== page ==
When a Judge on the DC Circuit Appellate Court declares a rule “one of the most consequential … ever issued” in a dissent, they have strong feelings on the topic. This is how Supreme Court nominee and sitting Judge Brett Kavanaugh began his dissent in United States Telecom Ass’n v. FCC No. 15-1063 (May, 2017). The litigation came to Kavanaugh’s desk after legal maneuvering in the lower courts. (link to full opinion).
A net neutrality synopsis requires much more verbiage than a simple blog post allows. The full text of the FCC’s guidelines can be found here. In (brief) summary: The FCC passed a new set of guidelines in 2015 aimed at keeping the Internet, “fair, open and fast” for everyone. Under the rules, internet service providers were required to treat all online content the same. They couldn't deliberately speed up or slow down traffic from specific websites or apps, nor could they put their own content at an advantage over rivals. (link to story).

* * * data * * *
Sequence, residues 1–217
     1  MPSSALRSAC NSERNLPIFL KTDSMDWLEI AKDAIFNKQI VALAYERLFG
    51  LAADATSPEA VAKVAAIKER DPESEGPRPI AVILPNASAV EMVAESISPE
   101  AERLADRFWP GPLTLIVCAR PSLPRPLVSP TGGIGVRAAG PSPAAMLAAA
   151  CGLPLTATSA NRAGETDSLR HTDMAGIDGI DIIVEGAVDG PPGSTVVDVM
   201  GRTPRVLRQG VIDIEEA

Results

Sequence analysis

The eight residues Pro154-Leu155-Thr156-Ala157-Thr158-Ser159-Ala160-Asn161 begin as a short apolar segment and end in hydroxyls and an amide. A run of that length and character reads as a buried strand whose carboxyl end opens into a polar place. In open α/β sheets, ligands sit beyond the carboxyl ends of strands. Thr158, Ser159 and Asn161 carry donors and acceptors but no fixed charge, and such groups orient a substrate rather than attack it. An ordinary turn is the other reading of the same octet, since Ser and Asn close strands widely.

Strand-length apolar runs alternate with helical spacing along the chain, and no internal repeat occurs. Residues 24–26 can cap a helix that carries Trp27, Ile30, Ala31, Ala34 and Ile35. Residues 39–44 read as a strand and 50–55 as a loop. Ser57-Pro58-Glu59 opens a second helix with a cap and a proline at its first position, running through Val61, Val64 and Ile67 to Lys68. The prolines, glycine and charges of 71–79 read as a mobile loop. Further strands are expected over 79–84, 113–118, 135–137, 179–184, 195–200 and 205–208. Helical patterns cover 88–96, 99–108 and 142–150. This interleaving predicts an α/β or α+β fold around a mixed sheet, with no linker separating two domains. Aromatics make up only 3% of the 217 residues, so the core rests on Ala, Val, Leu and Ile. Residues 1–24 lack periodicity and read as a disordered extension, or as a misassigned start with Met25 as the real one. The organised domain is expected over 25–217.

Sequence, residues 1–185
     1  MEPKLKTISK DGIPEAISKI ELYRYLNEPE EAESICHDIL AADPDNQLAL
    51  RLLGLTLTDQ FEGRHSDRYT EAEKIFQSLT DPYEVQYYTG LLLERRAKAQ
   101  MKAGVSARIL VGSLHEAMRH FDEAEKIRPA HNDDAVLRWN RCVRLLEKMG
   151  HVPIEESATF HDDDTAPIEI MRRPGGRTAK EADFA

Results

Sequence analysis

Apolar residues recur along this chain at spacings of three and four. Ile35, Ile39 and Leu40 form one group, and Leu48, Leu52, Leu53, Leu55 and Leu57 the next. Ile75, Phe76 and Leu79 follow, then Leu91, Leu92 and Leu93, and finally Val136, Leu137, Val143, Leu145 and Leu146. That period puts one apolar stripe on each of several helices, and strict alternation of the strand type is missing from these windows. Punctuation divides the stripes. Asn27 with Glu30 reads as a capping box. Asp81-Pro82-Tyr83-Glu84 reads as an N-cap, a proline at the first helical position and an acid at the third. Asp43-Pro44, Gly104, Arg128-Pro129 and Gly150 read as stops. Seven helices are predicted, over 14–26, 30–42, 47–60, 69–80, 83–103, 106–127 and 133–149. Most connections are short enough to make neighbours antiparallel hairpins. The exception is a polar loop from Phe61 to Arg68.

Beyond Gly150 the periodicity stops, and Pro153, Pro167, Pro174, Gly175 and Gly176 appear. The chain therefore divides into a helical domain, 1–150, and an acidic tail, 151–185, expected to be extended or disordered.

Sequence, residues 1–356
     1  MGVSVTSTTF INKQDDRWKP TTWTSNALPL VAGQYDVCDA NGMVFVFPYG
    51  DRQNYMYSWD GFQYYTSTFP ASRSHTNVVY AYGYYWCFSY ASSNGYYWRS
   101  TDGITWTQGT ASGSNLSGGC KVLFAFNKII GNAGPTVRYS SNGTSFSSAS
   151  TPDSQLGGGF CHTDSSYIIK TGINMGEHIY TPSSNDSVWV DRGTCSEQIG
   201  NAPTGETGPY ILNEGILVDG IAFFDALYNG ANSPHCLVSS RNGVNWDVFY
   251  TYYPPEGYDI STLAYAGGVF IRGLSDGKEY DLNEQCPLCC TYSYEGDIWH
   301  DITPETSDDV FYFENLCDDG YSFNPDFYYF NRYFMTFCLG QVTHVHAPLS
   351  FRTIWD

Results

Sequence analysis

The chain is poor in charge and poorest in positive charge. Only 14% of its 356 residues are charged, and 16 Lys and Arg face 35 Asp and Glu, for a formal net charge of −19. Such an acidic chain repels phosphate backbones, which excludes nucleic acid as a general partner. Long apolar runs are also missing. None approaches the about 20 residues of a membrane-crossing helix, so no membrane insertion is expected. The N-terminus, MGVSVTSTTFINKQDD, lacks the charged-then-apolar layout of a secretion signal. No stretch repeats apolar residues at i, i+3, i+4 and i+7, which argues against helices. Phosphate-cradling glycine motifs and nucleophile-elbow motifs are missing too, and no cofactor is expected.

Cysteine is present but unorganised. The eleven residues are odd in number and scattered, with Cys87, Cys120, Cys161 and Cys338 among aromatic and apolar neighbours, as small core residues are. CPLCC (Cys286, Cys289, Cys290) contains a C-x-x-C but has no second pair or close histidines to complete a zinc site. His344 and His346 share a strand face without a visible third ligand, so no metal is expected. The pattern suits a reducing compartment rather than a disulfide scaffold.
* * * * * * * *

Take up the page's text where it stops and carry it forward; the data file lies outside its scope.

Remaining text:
Kavanaugh’s dissent – now a moot point thanks to subsequent roll back of the protection – argued Congress had not given that broad of rulemaking authority to the FCC. Additionally, ISPs had First Amendment rights to regulate speech on their respective platforms. Your personal viewpoint on whether Kavanaugh’s opinion meets or misses the mark likely depends on your political prejudices, and it is not the hope of this post to convert devotees to one side of the aisle or the other.
But the message to Congress should be clear. If Judge Kavanaugh eventually ascends to the highest Court, Congress should not spare any turn of phrase to ensure the FCC (and all other administrative agencies) have its full-throated support in enacting net neutrality regulations.